“Hold that thought,” Drew said to Evan and dashed after Topher.
The patient was a woman, young, barely in her twenties, with long tangled dark hair and blood soaking her shirt. She was clutching her abdomen. Gwen rattled off her stats. A man hurried along beside the gurney.
“Is she gonna be all right? I have to stay with her.” He had blood on his shirt but didn’t appear to be bleeding.
Jordan was already running a FAST. “We have internal bleeding. Call Scott. We need an OR.”
“Let me stay with her,” the man said.
Drew stepped in front of him. “Sir, she needs surgery, and I need to check you over. If you’ll come with me -”
And then the man drew a gun. “I said let me stay with her.”
Drew froze, raised his hands in surrender, his mind already racing with a dozen ways to disarm the man before he could shoot anyone. “Sir, please calm down, we’re trying to save her life, but you need to be checked, and you can’t be in the operating room distracting the staff.”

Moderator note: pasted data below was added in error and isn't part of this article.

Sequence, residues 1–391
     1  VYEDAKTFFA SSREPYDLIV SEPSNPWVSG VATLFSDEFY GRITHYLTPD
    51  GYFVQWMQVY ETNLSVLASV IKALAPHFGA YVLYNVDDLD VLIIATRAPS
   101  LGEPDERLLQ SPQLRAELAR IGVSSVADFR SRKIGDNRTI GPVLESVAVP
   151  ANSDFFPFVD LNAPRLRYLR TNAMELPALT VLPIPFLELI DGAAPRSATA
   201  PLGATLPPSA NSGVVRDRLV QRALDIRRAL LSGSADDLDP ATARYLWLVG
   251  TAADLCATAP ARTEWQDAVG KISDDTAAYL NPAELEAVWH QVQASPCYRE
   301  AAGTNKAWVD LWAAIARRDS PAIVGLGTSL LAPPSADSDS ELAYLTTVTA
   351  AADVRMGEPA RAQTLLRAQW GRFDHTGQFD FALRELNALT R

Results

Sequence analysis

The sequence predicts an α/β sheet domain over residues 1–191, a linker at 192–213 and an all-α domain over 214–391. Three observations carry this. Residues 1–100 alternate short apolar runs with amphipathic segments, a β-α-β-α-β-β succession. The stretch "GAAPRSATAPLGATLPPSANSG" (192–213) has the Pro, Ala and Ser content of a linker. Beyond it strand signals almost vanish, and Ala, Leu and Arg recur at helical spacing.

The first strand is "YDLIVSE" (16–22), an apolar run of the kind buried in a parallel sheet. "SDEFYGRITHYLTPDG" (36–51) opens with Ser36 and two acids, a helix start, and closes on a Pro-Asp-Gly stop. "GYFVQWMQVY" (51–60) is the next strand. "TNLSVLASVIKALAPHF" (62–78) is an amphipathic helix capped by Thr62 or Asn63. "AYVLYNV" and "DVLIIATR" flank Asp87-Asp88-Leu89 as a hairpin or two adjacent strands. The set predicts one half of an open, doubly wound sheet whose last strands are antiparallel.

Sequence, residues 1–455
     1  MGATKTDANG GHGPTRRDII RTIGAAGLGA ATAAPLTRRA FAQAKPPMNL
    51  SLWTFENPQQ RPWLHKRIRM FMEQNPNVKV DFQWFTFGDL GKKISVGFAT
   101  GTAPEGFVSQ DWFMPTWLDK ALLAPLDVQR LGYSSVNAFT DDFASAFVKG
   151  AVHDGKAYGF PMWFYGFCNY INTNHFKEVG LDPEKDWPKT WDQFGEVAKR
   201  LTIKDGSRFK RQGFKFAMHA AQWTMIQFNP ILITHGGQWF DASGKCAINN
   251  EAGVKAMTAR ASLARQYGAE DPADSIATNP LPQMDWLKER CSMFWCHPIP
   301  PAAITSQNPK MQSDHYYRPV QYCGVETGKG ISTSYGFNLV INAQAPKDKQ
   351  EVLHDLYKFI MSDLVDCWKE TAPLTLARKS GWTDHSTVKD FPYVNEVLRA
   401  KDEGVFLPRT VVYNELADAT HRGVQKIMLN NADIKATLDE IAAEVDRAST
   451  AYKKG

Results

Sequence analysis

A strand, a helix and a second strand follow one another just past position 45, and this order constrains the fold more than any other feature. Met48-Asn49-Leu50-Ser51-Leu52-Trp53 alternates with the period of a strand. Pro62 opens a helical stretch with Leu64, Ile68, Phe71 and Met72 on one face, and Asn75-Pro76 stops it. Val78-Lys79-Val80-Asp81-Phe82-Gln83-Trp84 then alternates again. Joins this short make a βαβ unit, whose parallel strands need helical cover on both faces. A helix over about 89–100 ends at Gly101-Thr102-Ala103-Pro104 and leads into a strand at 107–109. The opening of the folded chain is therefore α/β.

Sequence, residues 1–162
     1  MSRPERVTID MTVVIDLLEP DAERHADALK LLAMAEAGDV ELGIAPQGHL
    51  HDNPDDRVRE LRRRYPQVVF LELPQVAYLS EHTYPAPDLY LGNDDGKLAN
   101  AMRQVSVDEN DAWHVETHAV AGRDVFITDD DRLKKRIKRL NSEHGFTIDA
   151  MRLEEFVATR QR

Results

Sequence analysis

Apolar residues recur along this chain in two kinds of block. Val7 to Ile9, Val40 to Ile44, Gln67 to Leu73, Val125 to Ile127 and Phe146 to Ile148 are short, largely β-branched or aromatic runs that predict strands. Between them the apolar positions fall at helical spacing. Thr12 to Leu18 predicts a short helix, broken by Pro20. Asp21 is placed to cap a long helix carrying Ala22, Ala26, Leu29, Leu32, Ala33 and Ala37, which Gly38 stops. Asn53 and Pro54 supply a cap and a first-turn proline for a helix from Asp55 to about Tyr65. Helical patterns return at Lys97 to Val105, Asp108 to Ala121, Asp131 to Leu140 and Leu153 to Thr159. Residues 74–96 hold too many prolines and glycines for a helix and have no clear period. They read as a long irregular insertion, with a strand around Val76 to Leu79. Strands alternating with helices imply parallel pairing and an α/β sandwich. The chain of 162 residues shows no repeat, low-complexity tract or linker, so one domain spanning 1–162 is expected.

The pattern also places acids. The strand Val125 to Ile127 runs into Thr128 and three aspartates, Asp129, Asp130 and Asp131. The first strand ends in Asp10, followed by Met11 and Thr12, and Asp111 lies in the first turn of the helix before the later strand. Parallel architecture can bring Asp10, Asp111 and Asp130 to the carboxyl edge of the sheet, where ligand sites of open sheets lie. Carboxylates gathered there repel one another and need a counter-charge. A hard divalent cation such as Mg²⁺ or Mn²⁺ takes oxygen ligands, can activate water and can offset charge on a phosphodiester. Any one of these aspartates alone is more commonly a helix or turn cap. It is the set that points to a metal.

The woman panted, “The drugs. He wants the drugs.”
The woman was a drug mule. Shit.
“Shut up!” the man snarled. He was still aiming his gun at Drew. “You get me those drugs and no one has to get hurt.”
And suddenly he crumpled with a howl. The gun clattered from his hands. Drew scooped it up.
Evan was standing behind the man, his little hands covered in blood. “Got him,” he said, with that same frighteningly adult tone he’d used to answer the phone. “Target subdued.”
Drew stared at Evan in horror.
The man on the floor was screaming.
Evan said, “Was I brave?”
And then the man on the floor was staggering to his feet, reaching for Evan. A bloody scalpel clattered to the floor. Blood poured from between the man’s legs. Femoral artery? Drew panicked. Evan swung around and lashed out, punched the man right in the throat.
Seconds later, security burst onto the scene. Two of them pounced on the injured gunman. Another pounced on Evan, who promptly burst into tears. Drew swooped in, plucked Evan from the guard’s arms and held him tightly, rocking him.